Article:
Co-published with the Philadelphia Museum of Art This book accompanies an exhibition of the same name held at the Philadelphia Museum of Art upon the completion of conservation of Pontormo’s famous portrait of Duke Alessandro de’ Medici. Centering on Pontormo’s painting and Agnolo Bronzino’s equally renowned depiction of another Medici duke, Cosimo I, the exhibition of some fifty sixteenth-century works from American and European collections explores the ways in which these artists changed the Renaissance portrait during this tumultuous period in Florence’s history.

In his catalogue entries, Carl Brandon Strehlke surveys the history and multifaceted significance of the Medici portraits and other paintings, drawings, coins, medals, books, and prints in the exhibition, offering a wealth of insights into the Medici dukes and the artists who served them. This fully illustrated volume also features Elizabeth Cropper’s thought-provoking essay “Pontormo and Bronzino in Philadelphia: A Double Portrait,” which explores the rich cultural and artistic background behind these artists’ portraiture. The two Philadelphia portraits offer fascinating private views of important rulers of Renaissance Florence. An essay by Mark S. Tucker and colleagues discusses findings from the recent conservation of Pontormo’s portrait of Alessandro. A glossary, a genealogy of the Medici family, and a bibliography complete this publication.

The book will accompany an exhibition to be held at the Philadelphia Museum of Art from November 20, 2004, to February 13, 2005.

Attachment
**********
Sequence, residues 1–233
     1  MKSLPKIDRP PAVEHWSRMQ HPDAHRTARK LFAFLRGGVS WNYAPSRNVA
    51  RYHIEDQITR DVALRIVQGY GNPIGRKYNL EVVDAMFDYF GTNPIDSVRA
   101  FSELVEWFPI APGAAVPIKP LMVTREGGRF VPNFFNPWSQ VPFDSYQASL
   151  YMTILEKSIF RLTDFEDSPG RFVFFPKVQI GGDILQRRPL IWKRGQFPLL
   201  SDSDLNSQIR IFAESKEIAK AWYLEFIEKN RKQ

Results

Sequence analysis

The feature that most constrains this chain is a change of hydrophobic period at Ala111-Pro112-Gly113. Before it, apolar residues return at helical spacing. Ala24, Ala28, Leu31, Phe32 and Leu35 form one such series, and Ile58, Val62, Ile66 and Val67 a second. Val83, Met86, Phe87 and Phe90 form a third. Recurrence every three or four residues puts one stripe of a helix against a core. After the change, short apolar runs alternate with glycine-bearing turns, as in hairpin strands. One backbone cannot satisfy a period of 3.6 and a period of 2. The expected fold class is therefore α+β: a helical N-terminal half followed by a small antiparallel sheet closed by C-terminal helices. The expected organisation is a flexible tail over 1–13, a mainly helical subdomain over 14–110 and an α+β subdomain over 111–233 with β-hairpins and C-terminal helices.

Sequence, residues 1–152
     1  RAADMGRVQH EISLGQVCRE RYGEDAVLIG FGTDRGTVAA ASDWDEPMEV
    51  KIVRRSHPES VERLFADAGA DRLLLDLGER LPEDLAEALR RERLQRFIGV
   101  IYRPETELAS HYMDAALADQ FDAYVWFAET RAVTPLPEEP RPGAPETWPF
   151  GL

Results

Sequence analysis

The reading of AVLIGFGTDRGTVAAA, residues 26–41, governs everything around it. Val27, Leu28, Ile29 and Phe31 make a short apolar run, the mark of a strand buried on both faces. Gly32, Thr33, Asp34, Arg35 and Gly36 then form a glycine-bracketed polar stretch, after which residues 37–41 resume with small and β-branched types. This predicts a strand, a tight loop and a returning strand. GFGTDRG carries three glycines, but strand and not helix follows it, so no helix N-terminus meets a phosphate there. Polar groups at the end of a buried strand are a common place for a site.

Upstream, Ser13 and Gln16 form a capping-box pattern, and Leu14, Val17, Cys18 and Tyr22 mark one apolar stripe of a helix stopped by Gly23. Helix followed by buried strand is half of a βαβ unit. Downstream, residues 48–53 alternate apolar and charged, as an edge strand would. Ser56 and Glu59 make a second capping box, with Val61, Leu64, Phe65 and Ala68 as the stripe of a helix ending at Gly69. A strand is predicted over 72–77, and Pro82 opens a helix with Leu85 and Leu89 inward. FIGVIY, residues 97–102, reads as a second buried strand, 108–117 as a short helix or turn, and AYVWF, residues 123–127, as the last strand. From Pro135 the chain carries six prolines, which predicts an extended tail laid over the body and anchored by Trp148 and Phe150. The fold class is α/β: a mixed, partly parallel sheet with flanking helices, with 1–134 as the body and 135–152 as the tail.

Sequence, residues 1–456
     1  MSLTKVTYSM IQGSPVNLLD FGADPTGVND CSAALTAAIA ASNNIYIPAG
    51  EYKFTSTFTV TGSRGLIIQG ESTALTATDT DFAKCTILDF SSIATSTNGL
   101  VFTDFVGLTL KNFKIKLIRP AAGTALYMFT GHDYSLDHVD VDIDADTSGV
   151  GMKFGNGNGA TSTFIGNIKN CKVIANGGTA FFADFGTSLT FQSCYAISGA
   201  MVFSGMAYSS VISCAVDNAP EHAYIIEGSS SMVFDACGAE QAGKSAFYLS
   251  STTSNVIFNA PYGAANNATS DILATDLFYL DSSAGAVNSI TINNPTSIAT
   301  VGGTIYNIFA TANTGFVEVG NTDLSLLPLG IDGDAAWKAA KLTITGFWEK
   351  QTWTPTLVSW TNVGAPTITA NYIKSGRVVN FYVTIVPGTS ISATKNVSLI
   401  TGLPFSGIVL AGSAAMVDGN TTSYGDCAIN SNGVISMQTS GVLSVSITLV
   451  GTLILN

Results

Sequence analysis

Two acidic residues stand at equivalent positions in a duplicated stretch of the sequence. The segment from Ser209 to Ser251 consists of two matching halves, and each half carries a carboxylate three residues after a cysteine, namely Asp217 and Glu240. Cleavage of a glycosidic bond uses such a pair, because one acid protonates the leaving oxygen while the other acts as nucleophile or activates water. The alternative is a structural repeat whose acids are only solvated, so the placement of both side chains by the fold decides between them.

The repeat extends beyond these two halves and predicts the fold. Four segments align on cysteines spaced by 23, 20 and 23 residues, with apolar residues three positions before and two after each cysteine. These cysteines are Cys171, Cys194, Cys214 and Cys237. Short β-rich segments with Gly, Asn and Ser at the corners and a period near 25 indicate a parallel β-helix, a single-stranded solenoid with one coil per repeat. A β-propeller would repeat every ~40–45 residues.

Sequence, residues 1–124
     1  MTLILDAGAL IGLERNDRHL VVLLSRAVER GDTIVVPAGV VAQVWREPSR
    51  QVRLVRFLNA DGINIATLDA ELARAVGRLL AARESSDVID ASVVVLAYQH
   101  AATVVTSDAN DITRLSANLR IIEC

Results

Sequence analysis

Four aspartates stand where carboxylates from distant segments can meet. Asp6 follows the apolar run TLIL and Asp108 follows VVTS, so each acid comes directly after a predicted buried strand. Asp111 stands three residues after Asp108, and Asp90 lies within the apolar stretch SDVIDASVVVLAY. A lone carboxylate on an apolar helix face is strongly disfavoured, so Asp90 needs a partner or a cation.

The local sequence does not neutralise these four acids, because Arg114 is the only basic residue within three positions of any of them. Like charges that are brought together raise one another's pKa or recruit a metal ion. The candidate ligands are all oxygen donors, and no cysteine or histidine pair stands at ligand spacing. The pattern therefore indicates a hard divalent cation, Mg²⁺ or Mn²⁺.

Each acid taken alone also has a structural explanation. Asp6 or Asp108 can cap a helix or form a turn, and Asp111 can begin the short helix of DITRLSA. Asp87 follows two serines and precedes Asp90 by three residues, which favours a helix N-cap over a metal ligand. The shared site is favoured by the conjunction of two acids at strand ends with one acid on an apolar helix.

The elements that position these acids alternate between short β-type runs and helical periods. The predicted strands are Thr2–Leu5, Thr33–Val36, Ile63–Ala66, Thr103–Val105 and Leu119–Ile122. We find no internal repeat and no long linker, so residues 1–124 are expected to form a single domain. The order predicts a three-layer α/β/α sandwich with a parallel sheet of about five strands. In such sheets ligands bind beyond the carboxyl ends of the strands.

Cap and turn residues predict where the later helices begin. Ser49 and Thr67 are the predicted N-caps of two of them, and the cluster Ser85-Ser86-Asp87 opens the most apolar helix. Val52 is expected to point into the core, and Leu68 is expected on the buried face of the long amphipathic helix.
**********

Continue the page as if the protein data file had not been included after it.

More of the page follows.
“As a complement to a significant exhibition . . . the catalogue’s great strength lies in its contextual essays. . . . The technical accounts by Tucker and his assistants admirably clarify Pontormo’s working methods and technique. The catalogue is provided with a useful glossary and index. While some of the entries are bound to provoke much scholarly debate, Strehlke’s catalogue provides fine plates, supplementary illustrations, and comprehensive bibliographies for each entry, all of which are of enormous use to scholars and students seeking to understand and clarify this complex period in the development of Florentine portraiture and its patronage.” —Gabrielle Langdon, CAA Reviews

Carl Brandon Strehlke is Adjunct Curator of the John G. Johnson Collection at the Philadelphia Museum of Art.





1. Pontormo and Bronzino, for and against the Medici


2. Medici Genealogy

3. Pontormo and Bronzino in Philadelphia: A Double Portrait


4. Technique and Pontormo’s Portrait of Alessandro de’Medici


5. Catalogue





Index of Artists and Works